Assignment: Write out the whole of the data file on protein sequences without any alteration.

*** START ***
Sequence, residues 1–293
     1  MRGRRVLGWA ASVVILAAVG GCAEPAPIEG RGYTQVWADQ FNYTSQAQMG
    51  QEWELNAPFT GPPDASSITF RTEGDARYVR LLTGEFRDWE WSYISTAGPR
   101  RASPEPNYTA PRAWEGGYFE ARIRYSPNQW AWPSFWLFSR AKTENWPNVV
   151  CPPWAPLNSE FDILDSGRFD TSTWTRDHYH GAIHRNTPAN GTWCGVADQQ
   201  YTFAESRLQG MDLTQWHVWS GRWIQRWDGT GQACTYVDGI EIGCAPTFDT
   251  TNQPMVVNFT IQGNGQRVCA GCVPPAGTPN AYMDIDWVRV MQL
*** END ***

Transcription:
Sequence, residues 1–293
     1  MRGRRVLGWA ASVVILAAVG GCAEPAPIEG RGYTQVWADQ FNYTSQAQMG
    51  QEWELNAPFT GPPDASSITF RTEGDARYVR LLTGEFRDWE WSYISTAGPR
   101  RASPEPNYTA PRAWEGGYFE ARIRYSPNQW AWPSFWLFSR AKTENWPNVV
   151  CPPWAPLNSE FDILDSGRFD TSTWTRDHYH GAIHRNTPAN GTWCGVADQQ
   201  YTFAESRLQG MDLTQWHVWS GRWIQRWDGT GQACTYVDGI EIGCAPTFDT
   251  TNQPMVVNFT IQGNGQRVCA GCVPPAGTPN AYMDIDWVRV MQL